Ex-insurance exec to head Seneca training program

By Mark Noble | January 31, 2007 | Last updated on January 31, 2007
2 min read

Seneca College’s financial services practitioner program is being seen as one of the best hopes for replenishing an aging workforce in financial services. While stakeholders remain committed, Seneca has found filling the classroom challenging. Supporters of the program hope this problem will be remedied by the appointment of Transamerica Canada’s former COO, Karen Gavan, as its new operating director.

Gavan, originally trained as a CA, has spent her entire career in the insurance industry. She says she’s always had a desire to teach what she knows to the next generation of industry professionals, and given the dire need in the industry to find talented people, she thinks the Seneca program is a perfect fit.

“From my history in the insurance industry, I can tell you they desperately need new young people to come up behind,” she said. “That’s why I was very interested in the program. I think it’s an excellent way to bring people in and get them the skill base, which will only help improve the success of the industry as a whole.”

Cutbacks in the number of career sales agents and in training programs — throughout the financial services industry but especially in insurance — have led to a deficit in qualified salespeople that keeps growing as many industry veterans prepare to retire.

This vacuum was Sam Albanese’s original impetus to start the program. He says that while the program has received strong support from the industry, it has proven difficult to put students into the seats.

Albanese believes the program is well positioned for long-term success, though. Seneca has already secured the participation of RBC and Desjardins, both of which will sponsor their own recruits to take the program.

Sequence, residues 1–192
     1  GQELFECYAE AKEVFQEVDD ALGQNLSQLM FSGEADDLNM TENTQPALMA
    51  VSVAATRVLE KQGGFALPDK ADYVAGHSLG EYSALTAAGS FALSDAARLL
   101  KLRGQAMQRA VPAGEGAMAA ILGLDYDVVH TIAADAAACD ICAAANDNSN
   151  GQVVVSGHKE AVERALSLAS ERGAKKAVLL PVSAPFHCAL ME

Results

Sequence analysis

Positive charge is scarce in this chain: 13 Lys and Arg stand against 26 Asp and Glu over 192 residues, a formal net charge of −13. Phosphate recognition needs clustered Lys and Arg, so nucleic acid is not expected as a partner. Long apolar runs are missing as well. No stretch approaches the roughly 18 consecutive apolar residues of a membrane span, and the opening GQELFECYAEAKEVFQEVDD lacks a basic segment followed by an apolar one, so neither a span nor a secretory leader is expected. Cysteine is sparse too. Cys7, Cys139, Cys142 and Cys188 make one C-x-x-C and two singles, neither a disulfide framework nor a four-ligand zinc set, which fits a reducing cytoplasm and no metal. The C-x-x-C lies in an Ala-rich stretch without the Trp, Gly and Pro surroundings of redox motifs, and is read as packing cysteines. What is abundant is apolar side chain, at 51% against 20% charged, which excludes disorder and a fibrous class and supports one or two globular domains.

“People are lining up to pick these students up,” says Albanese. “The program has been extremely well received by the industry. But like anything, it takes time to build up. What all parties [need to do] to promote the program is to make sure there are enough bodies coming through the system.”

The program developers plan to continue to actively recruit from their three target groups: those training as the chosen successor to a retiring advisor; university graduates seeking practical experience; and people unhappy with their careers and looking to change directions.

In his opinion, this process will be easier with Gavan. Albanese believes that as a former high-profile executive, she will give considerable credibility to the program’s recruitment and marketing efforts.

Gavan emphasizes in particular the importance for the program to focus on succession planning. Educating salespeople who can take over the business from mentors or parents will be one of her primary goals. “Many advisors don’t have succession plans for their business,” she says. “What’s going to happen with this? If they retire, they can continue to try to run their business part time, but that’s really not an effective way to service your clients.”

Filed by Mark Noble, Advisor.ca, mark.noble@advisor.rogers.com


Mark Noble